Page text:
Shakespeare's sonnets and the Petrarchan tradition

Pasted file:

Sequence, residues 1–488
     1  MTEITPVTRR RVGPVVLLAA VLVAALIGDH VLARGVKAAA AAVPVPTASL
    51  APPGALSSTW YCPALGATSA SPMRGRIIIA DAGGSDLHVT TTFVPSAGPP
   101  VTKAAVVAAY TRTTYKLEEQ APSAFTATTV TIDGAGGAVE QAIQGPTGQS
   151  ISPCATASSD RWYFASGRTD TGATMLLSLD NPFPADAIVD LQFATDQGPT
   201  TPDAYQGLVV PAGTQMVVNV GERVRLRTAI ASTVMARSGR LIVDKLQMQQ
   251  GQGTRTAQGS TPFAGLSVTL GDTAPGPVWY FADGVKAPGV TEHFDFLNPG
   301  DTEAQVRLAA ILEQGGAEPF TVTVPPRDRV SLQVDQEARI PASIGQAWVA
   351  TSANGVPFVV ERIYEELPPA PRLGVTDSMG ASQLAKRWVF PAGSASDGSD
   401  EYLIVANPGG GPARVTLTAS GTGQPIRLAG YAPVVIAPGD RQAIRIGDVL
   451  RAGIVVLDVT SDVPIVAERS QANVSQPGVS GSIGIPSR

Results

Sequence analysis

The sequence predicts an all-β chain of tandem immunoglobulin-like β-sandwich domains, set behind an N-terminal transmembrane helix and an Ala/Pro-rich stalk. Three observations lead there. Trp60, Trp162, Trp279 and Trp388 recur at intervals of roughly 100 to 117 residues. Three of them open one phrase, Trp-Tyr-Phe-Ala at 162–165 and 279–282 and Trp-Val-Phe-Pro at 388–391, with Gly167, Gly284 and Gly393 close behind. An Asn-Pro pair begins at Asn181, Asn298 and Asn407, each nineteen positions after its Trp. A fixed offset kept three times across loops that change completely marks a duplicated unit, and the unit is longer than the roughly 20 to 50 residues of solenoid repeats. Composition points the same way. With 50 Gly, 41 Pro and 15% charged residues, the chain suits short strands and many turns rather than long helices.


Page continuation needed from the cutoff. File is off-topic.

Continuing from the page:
Seminar paper from the year 2007 in the subject English Language and Literature Studies - Literature, grade: 1,3, Ernst Moritz Arndt University of Greifswald, course: Petrarchism in English Renaissance Poetry, 17 entries in the bibliography, language: English, abstract: Ever since the first publication of Shakespeare’s Sonnets in Thomas Thorpe’s, very likely unauthorized, Quarto-edition in 1609, these poetic masterpieces have interested and captivated readers and critics alike for the following centuries. Shakespeare’s exceptional abilities as a playwright as well as a poet have always drawn the attention of literary criticism towards his works and also to his sonnets. In the past, critics have often tried to answer all sorts of questions concerning the sonnets. Among the questions dealt with, like the identity of the persons mentioned in the poems, the correct order and structure of the sonnet cycle and many others, critics also tried to answer in which ways Shakespeare used and incorporated already existing poetic conventions and in how far he wrote against, contrasted and overcame common literary traditions by producing, according to Pequigney’s praise, “the greatest of all love-sonnet sequences”. The common literary tradition for writing love poetry that not only English but also continental poets followed in the sixteenth century was that of Petrarchism. Already after Francesco Petrarca, or Petrarch, had introduced this way of writing love poetry, the fashion of imitating or adopting and sometimes contrasting the Petrarchan way of writing poetry spread from Italy to France, Spain, the Netherlands and also to England4, where Wyatt and Surrey introduced the sonnet form and the thematic aspects which characterize Petrarchism5. Although Petrarchism, with its many followers who, despite striking similarities, often exhibit different ways of adopting the model set by Petrarch, seems not too easy to define6, this paper aims to show how this prominent love poetry tradition was adopted and adapted by Shakespeare for his Sonnets. To achieve this goal it seems essential to try to define what the Petrarchan way of writing love poetry is and why it became a predominant fashion in England before and during the time Shakespeare wrote his sonnets. This is to be the purpose of the following chapter.
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